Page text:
Sign test - overview

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Sign test
Binomial test for a single proportion
Wilcoxon signed-rank test
Cochran's Q test
$z$ test for a single proportion
Independent variableIndependent variableIndependent variableIndependent/grouping variableIndependent variable
2 paired groupsNone2 paired groupsOne within subject factor ($\geq 2$ related groups)None
Dependent variableDependent variableDependent variableDependent variableDependent variable
One of ordinal levelOne categorical with 2 independent groupsOne quantitative of interval or ratio levelOne categorical with 2 independent groupsOne categorical with 2 independent groups
Null hypothesisNull hypothesisNull hypothesisNull hypothesisNull hypothesis
  • H0: P(first score of a pair exceeds second score of a pair) = P(second score of a pair exceeds first score of a pair)
If the dependent variable is measured on a continuous scale, this can also be formulated as:
  • H0: the population median of the difference scores is equal to zero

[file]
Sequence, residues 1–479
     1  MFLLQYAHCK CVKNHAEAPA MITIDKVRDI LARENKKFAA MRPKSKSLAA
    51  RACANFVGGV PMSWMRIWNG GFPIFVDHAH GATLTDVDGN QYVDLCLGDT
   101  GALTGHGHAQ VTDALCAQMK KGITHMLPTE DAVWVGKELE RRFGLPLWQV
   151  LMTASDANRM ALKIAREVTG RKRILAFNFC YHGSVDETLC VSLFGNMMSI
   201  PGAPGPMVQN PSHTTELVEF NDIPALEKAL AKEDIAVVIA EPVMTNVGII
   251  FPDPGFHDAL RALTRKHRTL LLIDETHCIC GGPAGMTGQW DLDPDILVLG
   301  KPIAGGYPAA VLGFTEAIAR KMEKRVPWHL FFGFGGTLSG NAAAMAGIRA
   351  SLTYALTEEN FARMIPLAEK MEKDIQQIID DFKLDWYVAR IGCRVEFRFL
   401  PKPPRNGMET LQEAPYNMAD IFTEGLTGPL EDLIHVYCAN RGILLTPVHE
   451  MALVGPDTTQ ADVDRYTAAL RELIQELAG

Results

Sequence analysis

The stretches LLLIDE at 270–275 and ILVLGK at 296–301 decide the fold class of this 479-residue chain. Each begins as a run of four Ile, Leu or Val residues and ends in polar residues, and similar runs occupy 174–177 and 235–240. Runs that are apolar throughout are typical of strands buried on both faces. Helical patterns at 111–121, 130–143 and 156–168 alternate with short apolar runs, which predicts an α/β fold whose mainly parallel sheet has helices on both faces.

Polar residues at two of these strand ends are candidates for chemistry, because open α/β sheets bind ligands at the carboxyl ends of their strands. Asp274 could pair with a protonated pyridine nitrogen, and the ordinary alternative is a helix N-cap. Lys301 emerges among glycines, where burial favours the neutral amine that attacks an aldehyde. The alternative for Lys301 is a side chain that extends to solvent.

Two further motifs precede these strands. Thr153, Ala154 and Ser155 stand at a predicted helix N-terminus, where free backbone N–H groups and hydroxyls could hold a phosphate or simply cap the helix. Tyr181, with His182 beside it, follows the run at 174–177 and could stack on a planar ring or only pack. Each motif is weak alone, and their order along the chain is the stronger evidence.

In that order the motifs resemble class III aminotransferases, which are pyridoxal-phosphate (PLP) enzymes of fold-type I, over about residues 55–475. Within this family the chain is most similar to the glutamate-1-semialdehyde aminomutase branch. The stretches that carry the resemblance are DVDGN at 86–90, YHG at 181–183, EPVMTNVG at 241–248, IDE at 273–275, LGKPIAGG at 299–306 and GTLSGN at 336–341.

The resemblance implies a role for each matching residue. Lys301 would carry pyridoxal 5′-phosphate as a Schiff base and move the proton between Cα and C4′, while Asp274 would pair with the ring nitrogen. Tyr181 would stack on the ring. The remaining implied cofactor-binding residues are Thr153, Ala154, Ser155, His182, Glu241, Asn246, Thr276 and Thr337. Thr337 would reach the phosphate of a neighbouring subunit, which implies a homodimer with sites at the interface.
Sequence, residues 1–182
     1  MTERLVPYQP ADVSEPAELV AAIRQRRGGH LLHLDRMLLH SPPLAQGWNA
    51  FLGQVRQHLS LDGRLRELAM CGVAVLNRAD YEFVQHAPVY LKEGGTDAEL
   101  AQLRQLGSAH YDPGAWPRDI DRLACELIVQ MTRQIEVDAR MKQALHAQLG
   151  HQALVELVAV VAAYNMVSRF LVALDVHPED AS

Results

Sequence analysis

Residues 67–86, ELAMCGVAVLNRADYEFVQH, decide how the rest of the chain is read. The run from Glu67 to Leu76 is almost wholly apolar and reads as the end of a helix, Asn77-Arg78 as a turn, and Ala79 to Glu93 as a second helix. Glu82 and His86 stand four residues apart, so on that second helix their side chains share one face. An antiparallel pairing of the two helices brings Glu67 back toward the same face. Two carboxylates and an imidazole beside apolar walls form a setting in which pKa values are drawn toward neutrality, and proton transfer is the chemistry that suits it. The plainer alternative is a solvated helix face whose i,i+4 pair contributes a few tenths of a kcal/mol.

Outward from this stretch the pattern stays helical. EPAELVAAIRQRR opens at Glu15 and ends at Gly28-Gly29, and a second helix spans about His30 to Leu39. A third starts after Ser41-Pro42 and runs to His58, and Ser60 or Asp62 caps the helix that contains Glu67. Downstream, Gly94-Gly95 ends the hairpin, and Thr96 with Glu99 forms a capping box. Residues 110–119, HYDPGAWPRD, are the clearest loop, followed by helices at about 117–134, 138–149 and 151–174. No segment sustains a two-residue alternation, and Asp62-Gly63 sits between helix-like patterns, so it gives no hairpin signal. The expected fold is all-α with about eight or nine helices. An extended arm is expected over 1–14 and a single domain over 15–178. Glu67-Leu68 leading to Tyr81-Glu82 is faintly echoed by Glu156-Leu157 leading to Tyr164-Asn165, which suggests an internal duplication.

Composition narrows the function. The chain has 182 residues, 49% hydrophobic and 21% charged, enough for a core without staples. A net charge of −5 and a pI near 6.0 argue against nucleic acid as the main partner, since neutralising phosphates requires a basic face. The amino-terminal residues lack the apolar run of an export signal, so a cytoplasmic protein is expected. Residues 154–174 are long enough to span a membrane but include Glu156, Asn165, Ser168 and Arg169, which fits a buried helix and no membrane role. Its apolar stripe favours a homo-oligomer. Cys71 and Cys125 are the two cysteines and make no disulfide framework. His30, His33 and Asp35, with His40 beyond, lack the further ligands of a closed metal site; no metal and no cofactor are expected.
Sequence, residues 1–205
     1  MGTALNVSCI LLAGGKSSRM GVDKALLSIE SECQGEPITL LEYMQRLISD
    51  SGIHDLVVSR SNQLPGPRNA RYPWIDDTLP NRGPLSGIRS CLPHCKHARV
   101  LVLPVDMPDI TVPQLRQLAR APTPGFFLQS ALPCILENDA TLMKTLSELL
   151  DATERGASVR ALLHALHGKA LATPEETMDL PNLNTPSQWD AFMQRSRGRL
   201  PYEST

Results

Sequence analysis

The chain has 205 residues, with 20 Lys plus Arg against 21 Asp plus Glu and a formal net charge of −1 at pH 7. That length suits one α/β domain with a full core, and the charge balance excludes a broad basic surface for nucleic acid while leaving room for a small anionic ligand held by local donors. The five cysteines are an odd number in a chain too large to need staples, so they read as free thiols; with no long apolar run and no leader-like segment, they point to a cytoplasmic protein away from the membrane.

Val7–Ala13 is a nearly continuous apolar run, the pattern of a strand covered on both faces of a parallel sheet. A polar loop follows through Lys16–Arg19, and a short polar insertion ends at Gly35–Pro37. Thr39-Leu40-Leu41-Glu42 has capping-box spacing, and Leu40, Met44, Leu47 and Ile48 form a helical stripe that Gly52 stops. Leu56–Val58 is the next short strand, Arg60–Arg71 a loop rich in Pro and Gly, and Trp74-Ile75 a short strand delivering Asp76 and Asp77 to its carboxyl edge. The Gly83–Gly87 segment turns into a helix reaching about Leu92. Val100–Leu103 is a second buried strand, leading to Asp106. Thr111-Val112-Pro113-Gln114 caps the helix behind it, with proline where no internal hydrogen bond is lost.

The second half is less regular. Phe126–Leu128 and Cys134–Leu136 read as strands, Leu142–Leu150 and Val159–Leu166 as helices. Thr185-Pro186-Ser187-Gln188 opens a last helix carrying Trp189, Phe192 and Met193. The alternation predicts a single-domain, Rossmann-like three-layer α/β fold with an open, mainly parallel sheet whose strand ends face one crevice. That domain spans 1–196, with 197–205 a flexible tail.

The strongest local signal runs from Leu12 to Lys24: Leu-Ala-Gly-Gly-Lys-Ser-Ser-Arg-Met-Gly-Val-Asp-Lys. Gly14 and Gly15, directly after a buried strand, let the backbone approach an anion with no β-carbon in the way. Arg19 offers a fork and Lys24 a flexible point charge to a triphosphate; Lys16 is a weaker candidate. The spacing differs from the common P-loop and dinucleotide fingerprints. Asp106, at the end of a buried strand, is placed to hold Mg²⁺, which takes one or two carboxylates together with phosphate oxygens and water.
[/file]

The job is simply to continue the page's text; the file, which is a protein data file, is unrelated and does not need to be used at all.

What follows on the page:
A difference score is the difference between the first score of a pair and the second score of a pair.
H0: $\pi = \pi_0$

Here $\pi$ is the population proportion of 'successes', and $\pi_0$ is the population proportion of successes according to the null hypothesis.
H0: $m = 0$

Here $m$ is the population median of the difference scores. A difference score is the difference between the first score of a pair and the second score of a pair.

Several different formulations of the null hypothesis can be found in the literature, and we do not agree with all of them. Make sure you (also) learn the one that is given in your text book or by your teacher.
H0: $\pi_1 = \pi_2 = \ldots = \pi_I$

Here $\pi_1$ is the population proportion of 'successes' for group 1, $\pi_2$ is the population proportion of 'successes' for group 2, and $\pi_I$ is the population proportion of 'successes' for group $I.$
H0: $\pi = \pi_0$

Here $\pi$ is the population proportion of 'successes', and $\pi_0$ is the population proportion of successes according to the null hypothesis.
Alternative hypothesisAlternative hypothesisAlternative hypothesisAlternative hypothesisAlternative hypothesis
  • H1 two sided: P(first score of a pair exceeds second score of a pair) $\neq$ P(second score of a pair exceeds first score of a pair)
  • H1 right sided: P(first score of a pair exceeds second score of a pair) > P(second score of a pair exceeds first score of a pair)
  • H1 left sided: P(first score of a pair exceeds second score of a pair) < P(second score of a pair exceeds first score of a pair)
If the dependent variable is measured on a continuous scale, this can also be formulated as:
  • H1 two sided: the population median of the difference scores is different from zero